San Antonio ValleyThe Historic Hearstg and Julian Morgan Hacienda • Pelican Network Eco Guide California Central Coast • Big Sur

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The Hacienda in San Antonio Valley was built by Julia Morgan as a hunting lodge for Hearst’s guests to La Cuesta Encantada in San Simeon.

In this stunning setting, it is possible to visualize the natural experience of early California.

The Hacienda is a robust expression of Spanish Mexican California, and the environs are mostly undeveloped. It is not difficult here to imagine the prolific Indian populations that lived in the region for thousands of years.

The Hacienda is a rare find for explorers of Central California. For visiting the San Antonio de Padua Mission, hiking the Santa Lucia trail in Los Padres Forest, viewing the Salinan Cave, or visiting wineries, it is well situated.

It is odd to share the history of Spencer Tracy, Jean Harlow and that starry crowd of Hearst’s pals with the United States Army. The Hacienda is owned by the military, and now part of Fort Hunter Liggett. But the relationship may have saved this piece of paradise from commercial development.

On this military reservation, recruits maneuver around in all terrain vehicles during the summer. The activity is carefully controlled by an environmental protection vigilance.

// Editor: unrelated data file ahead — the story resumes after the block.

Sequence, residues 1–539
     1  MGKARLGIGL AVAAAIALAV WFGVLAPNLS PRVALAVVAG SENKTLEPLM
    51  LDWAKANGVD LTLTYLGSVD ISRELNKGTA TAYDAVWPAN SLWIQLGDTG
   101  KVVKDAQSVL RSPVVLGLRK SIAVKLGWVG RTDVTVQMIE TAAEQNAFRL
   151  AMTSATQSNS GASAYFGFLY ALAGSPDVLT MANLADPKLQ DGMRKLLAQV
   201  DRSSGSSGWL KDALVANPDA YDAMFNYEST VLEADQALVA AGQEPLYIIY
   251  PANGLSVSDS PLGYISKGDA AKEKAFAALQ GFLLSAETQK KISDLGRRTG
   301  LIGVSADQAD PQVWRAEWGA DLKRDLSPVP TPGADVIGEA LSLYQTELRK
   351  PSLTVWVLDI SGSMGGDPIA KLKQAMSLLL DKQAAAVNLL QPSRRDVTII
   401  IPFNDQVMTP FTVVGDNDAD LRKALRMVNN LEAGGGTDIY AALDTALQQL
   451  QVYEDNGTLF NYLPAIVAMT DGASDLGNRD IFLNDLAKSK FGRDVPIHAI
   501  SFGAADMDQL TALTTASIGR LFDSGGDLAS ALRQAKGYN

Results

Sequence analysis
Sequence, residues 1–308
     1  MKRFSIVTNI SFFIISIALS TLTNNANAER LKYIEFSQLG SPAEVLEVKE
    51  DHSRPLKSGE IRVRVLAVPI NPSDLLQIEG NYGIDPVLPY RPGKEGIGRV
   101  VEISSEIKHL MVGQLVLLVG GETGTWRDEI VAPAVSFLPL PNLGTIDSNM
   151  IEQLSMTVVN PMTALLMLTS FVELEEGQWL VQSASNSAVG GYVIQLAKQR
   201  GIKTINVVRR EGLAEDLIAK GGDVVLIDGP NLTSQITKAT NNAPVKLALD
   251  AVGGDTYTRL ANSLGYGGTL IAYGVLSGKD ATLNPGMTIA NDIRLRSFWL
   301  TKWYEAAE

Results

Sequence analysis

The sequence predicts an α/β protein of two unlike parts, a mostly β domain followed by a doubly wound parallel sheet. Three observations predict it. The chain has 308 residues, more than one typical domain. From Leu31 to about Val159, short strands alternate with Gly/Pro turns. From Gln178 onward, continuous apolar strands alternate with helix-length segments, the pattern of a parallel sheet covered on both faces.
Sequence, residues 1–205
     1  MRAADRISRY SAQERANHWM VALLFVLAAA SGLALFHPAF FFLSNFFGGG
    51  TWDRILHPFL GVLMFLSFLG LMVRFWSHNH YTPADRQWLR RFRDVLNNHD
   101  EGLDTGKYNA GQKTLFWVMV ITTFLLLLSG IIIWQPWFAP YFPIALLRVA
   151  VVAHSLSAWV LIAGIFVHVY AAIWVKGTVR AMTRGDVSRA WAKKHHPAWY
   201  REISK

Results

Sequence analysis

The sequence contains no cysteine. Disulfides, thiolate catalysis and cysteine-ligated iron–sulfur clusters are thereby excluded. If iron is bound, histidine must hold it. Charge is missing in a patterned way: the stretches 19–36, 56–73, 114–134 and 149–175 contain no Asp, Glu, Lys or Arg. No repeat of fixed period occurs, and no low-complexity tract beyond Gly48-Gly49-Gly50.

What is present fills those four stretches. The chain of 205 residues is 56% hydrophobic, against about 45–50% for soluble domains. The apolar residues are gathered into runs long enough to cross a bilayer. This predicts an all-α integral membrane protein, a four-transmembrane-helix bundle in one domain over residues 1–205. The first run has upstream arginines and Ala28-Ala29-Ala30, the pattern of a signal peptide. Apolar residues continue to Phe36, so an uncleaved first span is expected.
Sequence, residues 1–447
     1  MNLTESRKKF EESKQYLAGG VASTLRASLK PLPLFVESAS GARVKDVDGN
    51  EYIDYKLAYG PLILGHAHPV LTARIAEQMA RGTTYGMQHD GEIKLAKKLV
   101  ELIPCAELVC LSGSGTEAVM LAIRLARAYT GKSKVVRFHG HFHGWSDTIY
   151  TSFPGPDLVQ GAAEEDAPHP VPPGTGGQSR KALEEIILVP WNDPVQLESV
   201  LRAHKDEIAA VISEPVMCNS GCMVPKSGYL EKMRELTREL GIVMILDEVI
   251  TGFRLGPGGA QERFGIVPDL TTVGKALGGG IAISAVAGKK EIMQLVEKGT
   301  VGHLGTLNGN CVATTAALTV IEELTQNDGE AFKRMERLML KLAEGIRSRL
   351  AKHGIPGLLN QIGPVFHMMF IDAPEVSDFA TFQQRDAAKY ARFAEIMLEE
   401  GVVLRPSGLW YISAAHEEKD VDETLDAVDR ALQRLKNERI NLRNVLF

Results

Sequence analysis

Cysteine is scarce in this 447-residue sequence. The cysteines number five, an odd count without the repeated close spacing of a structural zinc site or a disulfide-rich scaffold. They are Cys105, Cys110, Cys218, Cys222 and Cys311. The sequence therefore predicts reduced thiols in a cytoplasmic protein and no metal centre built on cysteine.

These days, ordinary folk can spend the night at Hearst’s lodge. The military has first call on the rooms, but the public can rent what’s left. The rooms are very commodious. A pleasant pool, a raucous bar that’s an extremely loud disco on Summer weekends and an inviting dining room are available for the guests.

It is difficult to communicate with the Hacienda, and make a room reservation. So, a stay in King City at Keefers is suggested.

The Salinan Cave site is kept secret by the D.O.D. folks because hunters who obliterate the ability to exercise commonsense have shown tendencies to shoot up the cave and chip away the marvelous painted legacy of this fine people.

The Dept. of Defense keeps up a force of eight anthropologists, archeologists and ethnographers who study the ancient Indian sites. Of which there are a multitude. For this perfect little valley was host to thousands of contended Ohlones and Coastonoans who were named Salinans here. They lived in a land of plenty, and prospered until the Spaniards happened along.

Tucked into the Northeast corner of the valley is a solstice site with a huge midden and a wonderful cave of very old pictographs.

Less than a mile away is California’s most complete Spanish mission from the 18th Century. San Antonio de Padua was the largest, and most industrious of all the colonial outposts.

Driving to San Antonio Valley and the Hacienda

Explorers Special: Email us about a special overnight opportunity at Keefer’s in King City – Gateway to San Antonio Valley, Big Sur and Salinas Valley.

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